Question 1. A proposed amendment to the state constitution to levy an additional tax on income over one million dollars. A yes vote would impose a 4 percent tax on that portion of income over $1M. A no vote would make no change in the state constitution relative to income tax.
Question 2. Regulation of dental insurance. Passage of this question (a yes vote) would regulate dental insurance rates, including by requiring companies to spend at least 83 percent of premiums on member dental expenses and other improvements instead of administrative expenses and other changes to dental insurance regulations. A no vote would make no change in the law relative to the regulations that apply to dental insurance companies.
Question 3. Expanded availability of licenses for the sale of alcoholic beverages. A yes vote would increase the number of licenses a retailer could have for the sale of alcohol, limit the number of “all-alcoholic beverages” licenses, restrict use of self-checkout, and require retailers to accept customer’s out-of-state identification. A no vote would make no change in the laws governing the retail sale of alcoholic beverages.
Question 4. Eligibility for driver’s licenses. A yes vote would keep in place the law, which would allow Massachusetts residents who cannot provide proof of lawful presence in the United States to obtain a driver’s license or permit if they meet the other requirements for doing so. A no vote would repeal this law.
This week and in the two weeks before the Nov. 8 election, the Concord Bridge is providing short interviews with the state representative candidates in the 13th and 14 Middlesex districts.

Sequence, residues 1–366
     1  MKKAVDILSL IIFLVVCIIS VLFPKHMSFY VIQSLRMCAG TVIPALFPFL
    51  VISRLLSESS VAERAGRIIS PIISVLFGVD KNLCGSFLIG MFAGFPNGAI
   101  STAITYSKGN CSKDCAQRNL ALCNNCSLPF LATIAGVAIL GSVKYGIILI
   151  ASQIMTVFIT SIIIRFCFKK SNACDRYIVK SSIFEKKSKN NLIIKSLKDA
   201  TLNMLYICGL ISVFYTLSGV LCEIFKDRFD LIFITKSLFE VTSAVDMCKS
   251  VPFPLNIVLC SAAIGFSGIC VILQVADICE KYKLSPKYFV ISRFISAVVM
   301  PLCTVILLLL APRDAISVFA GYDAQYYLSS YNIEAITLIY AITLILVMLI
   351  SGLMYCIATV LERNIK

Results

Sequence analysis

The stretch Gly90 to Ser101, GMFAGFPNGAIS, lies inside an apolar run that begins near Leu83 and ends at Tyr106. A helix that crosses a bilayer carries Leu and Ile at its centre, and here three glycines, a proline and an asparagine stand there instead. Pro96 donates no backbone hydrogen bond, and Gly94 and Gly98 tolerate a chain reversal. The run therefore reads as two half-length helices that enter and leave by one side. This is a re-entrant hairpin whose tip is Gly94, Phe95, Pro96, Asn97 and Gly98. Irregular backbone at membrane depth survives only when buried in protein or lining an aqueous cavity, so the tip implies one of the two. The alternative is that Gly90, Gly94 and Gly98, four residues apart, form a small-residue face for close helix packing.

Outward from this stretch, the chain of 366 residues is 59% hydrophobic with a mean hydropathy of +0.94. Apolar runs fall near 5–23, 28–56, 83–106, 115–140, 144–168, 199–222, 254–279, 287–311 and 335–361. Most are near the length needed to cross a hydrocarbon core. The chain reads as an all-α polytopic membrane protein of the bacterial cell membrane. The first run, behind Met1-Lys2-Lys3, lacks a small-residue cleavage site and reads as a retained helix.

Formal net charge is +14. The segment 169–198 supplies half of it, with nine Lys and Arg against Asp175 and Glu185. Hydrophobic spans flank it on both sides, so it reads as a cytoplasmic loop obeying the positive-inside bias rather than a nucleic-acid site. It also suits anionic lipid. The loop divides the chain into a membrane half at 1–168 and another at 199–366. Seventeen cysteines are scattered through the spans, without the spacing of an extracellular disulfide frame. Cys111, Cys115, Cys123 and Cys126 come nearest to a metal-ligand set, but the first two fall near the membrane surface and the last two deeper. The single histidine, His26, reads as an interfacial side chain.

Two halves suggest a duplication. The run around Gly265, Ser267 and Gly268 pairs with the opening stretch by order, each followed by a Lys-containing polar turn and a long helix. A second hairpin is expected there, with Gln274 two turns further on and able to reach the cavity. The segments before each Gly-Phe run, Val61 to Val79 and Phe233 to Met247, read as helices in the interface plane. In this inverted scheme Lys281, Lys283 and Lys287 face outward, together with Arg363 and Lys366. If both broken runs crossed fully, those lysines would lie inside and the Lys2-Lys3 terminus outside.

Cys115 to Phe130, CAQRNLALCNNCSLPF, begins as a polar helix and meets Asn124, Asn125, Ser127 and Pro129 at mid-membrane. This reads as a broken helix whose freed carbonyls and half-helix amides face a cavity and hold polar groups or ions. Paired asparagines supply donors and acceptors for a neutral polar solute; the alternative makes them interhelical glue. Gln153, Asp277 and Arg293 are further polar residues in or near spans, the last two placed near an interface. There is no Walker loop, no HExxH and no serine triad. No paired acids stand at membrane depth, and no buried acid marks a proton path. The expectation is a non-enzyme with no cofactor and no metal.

Simon Cataldo, 36, is a native Concordian who graduated from Concord-Carlisle High School in 2004 before going to Colorado College and later law school from which he graduated in 2014. Before law school, Cataldo taught special education math to middle schoolers in Harlem where he founded the nonprofit Harlem Lacrosse organization. Cataldo worked for the Justice Department until 2020, when he and his wife moved to Concord from Washington D.C.
Why is he running:
“I love this community,” he said. “I feel it is my generation’s responsibility to take a leadership role in addressing the significant challenges of our time, including the environment, climate change, equitable access to mental health and reproductive rights, public infrastructure and strong public schools.” He said he’d “never done anything political” before, but three factors propelled him to run for state rep: the pandemic, the murder of George Floyd, and Jan. 6. He feels positive change can be made at the state level that impact this district. “Having grown up here, I have a good base of understanding.”
Top three issues:
Concord’s environmental umbrella. “Concord has an environmental ethos. I’ve made relationships with town leaders to address issues” such as water conservation and quality, which he cites as an increasing concern in the district.